Last spring, I had the privilege of meeting Leroy Thomas Miller, a man set on breaking his own record of being the oldest person to finish the Cooper River Bridge Run and Walk.
A week before the race, I caught up with the 93-year-old on a warm, early spring afternoon at his modest home in Hanahan. We chatted and I took photographs as he walked his training route.
On March 28, Miller accomplished his goal of finishing the 6.2-mile walk, which is actually 7.2 miles for walkers who must line up at the back of the pack.
His feat was despite the fact that Charleston city police had asked him to get on a bus in order to reopen the bridge.
That afternoon, I touched base with him to see how the walk went and figured I’d probably see him again next year.
But a couple of weeks ago, I received a call from one of Miller’s friends with some bad news.
He had died on June 14 after struggling with a cascade of health issues that originated with blood in his urine, later diagnosed as a urinary tract infection.
Despite his age, many who knew him were still shocked and saddened. The man was so vital, physically, mentally and spiritually.
For me, the questions swirled. Did he do too much? Was he under too much pressure to finish? Did I personally contribute to that in some way?
His youngest son, 71-year-old Larry Miller, assured me that none of those was the case.
“When he got home from the Bridge Run, he was so high and happy,” says Larry. “I don’t think the Bridge Run had anything to do with it.”
He adds that his father’s problems originated before the Bridge Run when he noticed blood in his urine. His urologist advised him to consider doing only part of the walk.
Leroy Miller would have none of that. He set out to finish or not do it at all.
Larry says his father’s health problems escalated following anesthesia to do an exploratory procedure on his bladder. Drugs also played a role, causing incontinence and dehydration.
“So many things were happening to him at the same time that I don’t think he could take it,” says Larry.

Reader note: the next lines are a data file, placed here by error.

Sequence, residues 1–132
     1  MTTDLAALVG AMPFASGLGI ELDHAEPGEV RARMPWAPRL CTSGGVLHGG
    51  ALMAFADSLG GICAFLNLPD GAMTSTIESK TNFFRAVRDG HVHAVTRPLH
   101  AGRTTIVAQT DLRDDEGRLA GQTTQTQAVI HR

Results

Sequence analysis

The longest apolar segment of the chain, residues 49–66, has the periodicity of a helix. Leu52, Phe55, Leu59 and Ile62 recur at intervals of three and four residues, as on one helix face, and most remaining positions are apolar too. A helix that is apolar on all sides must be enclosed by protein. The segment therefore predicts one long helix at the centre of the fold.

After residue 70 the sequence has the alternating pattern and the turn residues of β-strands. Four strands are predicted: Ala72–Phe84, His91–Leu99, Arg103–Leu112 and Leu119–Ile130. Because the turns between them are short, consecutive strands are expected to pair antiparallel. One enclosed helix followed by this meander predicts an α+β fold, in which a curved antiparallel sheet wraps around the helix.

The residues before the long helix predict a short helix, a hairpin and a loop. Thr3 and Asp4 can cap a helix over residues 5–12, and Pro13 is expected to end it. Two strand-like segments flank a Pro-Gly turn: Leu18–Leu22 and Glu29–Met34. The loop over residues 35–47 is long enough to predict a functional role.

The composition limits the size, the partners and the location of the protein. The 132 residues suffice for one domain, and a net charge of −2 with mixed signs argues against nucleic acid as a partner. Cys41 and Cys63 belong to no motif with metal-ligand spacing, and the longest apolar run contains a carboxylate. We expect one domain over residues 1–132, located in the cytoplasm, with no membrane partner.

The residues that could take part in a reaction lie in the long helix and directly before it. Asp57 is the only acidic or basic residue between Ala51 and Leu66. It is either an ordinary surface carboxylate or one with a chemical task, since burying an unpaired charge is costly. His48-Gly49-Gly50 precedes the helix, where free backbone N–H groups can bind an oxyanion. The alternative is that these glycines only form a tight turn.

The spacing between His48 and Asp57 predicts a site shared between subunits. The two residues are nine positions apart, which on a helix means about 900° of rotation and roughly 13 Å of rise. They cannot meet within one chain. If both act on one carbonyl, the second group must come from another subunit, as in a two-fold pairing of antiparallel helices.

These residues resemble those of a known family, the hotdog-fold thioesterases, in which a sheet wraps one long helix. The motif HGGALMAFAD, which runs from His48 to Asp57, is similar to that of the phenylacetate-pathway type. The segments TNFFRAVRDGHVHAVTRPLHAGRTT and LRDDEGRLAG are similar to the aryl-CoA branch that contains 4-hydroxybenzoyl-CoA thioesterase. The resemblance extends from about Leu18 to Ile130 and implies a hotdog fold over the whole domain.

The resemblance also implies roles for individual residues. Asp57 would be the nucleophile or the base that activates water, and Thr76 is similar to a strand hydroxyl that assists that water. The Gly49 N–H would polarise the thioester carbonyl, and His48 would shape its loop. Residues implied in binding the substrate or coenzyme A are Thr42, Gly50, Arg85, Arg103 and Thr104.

In compiling information for his obituary, Larry realized, more than ever, how his father had been athletic all his life, noting that he tore a rotator cuff while trying to catch a fly ball in a “Young at Heart” softball game when he was 80, the same year he suffered a heart attack.
At Charleston High School in the 1940s, Leroy was the catcher on the baseball team and an end on the football team. Later, he played minor league baseball in Charleston, and played baseball and football for the Army while stationed in Japan. He continued to play in softball leagues until he was 80. He also bowled three times a week.
He started his running career at 80 after having open-heart surgery and ran or walked all but one Bridge Run since then.
That zest for life also translated into his family and church lives. He was very generous and charitable.
He was married three times. His first wife of 41 years, Dorothy Thackeray Miller, died in 1982. His second wife of 23 years, Peggie Peek Miller, died in 2009 after battling Alzheimer’s disease.
Larry recalls how his father became depressed following his bypass surgery, not only because that’s typical in older patients but because he wasn’t able to care for Peggie.
His third wife, Gwendolyn Hemphill Miller, is faring well, according to Larry, but may have to move into an assisted-living facility.
I contrast his life with so many others in my life and recall the title of my favorite book on aging, Dr. Walter Bortz’s 1992 book “We Live Too Short and Die Too Long: How to Achieve Your Natural 100-Year-Plus Life Span.”
Sometimes I think we concentrate too much on living long rather than living well. Instead of finding ways to remain active or excuses not to eat a healthy diet, we rely on pharmaceutical drugs to help us live long but often sickness-filled lives.
Leroy Miller serves as a reminder to live and love with every day you have. In just an hour or so on a spring afternoon, I saw it in the twinkle of his eyes.
And that’s a life of no regrets.
Reach David Quick at 937-5516.